My Confusion, Circa 1988

When I was younger, I sometimes confused Patty Smyth:

With Patti Smith:

It could happen to anyone, right?

Although sometime in 1993 or 1994, I had written a novel that featured a dark haired and dark eyed young woman as a love interest, and when I saw a ten-year-old Patty Smyth music video, I thought, that’s her. Maybe I based Kym Russano on Patty Smyth, as I’m sure I had seen “The Warrior” (as I referred to it in a collegiate commentary).

All I know is that I have to keep typing their names so that perhaps when I can tell them apart I can spell their names correctly (unlike in 1992).

7 thoughts on “My Confusion, Circa 1988

  1. This is true, but in my defense for 1988:

    1) YouTube was unavailable, so the visuals were never but a click away. They even sound different upon close listening, but we were at the mercy of the radio and music videos on television.
    2) To be honest, I am pretty sure I only heard Patty Smyth on the radio or on television, and I only knew of Patti Smith, which was enough for me to hear Patty Smyth and think “Is that Patty Smyth or Patti Smith?”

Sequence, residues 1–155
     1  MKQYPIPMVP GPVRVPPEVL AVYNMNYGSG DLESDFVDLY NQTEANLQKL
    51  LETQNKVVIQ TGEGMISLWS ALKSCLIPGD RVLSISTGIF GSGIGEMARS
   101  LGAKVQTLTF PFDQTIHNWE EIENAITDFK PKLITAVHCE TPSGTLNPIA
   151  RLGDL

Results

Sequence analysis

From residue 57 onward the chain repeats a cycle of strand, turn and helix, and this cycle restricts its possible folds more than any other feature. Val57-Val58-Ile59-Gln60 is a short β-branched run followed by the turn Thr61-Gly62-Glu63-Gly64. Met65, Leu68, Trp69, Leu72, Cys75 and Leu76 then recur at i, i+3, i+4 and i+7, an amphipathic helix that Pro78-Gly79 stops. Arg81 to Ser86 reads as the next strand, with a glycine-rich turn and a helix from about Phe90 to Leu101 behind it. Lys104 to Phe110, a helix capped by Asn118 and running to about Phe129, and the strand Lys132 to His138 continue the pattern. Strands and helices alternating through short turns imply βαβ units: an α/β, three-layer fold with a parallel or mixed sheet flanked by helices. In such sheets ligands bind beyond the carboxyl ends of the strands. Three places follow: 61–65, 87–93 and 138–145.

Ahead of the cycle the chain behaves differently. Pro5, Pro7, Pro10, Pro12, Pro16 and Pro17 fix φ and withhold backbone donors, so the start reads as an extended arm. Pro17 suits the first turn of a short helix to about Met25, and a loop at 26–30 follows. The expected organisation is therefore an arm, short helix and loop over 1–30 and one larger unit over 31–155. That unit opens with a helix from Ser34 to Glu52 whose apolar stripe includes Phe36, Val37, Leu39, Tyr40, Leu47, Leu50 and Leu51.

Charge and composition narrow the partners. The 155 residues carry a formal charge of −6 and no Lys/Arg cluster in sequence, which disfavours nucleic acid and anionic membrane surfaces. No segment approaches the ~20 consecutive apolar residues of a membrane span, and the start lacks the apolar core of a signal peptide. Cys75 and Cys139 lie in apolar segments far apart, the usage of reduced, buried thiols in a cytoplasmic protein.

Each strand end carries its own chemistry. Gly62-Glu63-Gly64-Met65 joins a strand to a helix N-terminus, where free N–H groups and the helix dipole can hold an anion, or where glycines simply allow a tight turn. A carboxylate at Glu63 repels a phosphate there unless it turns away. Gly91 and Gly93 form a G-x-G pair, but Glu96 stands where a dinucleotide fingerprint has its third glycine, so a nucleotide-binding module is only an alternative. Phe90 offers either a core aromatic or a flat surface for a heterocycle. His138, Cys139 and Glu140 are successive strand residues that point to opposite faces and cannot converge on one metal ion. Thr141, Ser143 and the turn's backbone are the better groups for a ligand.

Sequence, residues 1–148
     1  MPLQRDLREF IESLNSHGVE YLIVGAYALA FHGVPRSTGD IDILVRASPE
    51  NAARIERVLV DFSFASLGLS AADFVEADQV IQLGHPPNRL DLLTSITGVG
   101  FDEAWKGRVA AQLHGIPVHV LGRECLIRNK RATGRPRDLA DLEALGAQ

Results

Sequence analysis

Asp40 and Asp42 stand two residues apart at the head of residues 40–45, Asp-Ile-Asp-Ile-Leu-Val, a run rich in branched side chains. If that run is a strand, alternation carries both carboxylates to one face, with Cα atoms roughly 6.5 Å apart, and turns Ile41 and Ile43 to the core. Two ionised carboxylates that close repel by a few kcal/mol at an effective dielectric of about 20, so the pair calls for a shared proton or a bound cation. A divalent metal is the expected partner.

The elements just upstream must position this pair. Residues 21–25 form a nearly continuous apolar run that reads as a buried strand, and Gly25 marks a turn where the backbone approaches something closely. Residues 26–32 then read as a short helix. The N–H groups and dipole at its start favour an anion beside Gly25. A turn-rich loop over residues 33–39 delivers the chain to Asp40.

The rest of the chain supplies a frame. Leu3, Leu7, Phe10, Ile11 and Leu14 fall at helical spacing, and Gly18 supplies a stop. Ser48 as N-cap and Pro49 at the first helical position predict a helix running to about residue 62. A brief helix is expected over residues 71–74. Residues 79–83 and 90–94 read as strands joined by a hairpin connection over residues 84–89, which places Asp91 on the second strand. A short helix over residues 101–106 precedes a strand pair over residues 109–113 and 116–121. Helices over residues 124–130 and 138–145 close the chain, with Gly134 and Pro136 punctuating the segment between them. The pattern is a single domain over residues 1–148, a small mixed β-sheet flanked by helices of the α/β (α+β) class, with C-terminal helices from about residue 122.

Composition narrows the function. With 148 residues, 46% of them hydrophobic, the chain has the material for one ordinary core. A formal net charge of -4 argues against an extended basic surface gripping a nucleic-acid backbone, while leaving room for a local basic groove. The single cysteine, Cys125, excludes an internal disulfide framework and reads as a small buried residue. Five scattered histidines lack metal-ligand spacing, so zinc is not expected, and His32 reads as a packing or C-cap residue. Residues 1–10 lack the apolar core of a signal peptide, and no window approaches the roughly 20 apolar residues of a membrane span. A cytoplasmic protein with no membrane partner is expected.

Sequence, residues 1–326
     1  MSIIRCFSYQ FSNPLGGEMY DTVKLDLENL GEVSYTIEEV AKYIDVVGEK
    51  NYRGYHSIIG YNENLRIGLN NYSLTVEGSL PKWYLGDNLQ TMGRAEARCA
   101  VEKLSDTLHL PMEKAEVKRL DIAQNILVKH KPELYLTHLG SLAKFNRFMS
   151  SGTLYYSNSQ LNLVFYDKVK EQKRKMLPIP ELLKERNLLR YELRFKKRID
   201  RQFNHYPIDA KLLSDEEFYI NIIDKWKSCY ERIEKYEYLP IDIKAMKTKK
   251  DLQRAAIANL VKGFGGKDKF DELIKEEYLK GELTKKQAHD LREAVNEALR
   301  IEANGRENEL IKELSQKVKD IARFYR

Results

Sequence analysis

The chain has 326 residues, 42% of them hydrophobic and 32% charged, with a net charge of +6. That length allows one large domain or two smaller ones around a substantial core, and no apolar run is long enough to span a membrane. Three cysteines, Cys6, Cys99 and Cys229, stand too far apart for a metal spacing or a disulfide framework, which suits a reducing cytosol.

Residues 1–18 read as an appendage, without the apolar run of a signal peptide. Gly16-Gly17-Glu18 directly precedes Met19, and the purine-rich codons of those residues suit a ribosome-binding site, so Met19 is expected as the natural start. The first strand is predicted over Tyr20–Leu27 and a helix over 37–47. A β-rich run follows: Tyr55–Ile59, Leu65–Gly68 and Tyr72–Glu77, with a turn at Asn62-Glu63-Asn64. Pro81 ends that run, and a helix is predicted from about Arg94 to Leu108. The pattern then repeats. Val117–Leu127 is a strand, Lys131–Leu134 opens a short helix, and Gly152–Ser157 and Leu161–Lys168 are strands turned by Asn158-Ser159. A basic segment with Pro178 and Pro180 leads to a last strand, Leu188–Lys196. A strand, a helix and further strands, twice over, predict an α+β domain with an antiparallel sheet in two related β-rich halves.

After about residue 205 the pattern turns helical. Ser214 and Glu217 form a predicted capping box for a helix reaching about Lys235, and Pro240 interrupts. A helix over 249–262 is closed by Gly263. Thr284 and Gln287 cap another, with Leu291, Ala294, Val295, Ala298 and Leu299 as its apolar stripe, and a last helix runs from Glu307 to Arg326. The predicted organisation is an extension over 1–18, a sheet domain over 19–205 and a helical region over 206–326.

3) When Don Henley did a song with one of them, I would have expected it to be the folk artsy musician and not the pop singer, which was the wrong one. (I guess that is my defense ca 1993.)

  2. After leaving Chicago, I was no longer around a radio station that would play much Patti Smith, so if I heard it over the air it was Patty Smyth. That was all well and good, but I did miss hearing from the Godmother of Punk.

    Speaking of YouTube, there is a video of Smith singing “Because the Night” along with Springsteen and U2 from a date in 2009 that may be my second favorite version of the song (it may be blasphemy, but the 10,000 Maniacs unplugged recording is #1 with me)

  3. No danger. I confess I didn’t know that Bob Denver sang ;-)

    I don’t know that, stylistically, Fogelberg was all that much worse than the rest of the “I’m so sensitive it hurts to breathe” crowd, but his work always seemed so artificial. It’s bizarre the way that a song like “Same Old Lang Syne” can sound so made-up, when according to Fogelberg and the woman the song refers to it’s a pretty accurate description of a real event.

  4. I have lived too many years in my life when this played on stations that switched over to “Christmas” songs.

    And by “no worse,” you mean it never exceeded the worst.

  5. Probably so. It’s not a genre I cared to explore; I mostly remember “Syne” as a standard “slow song” at high school dances.

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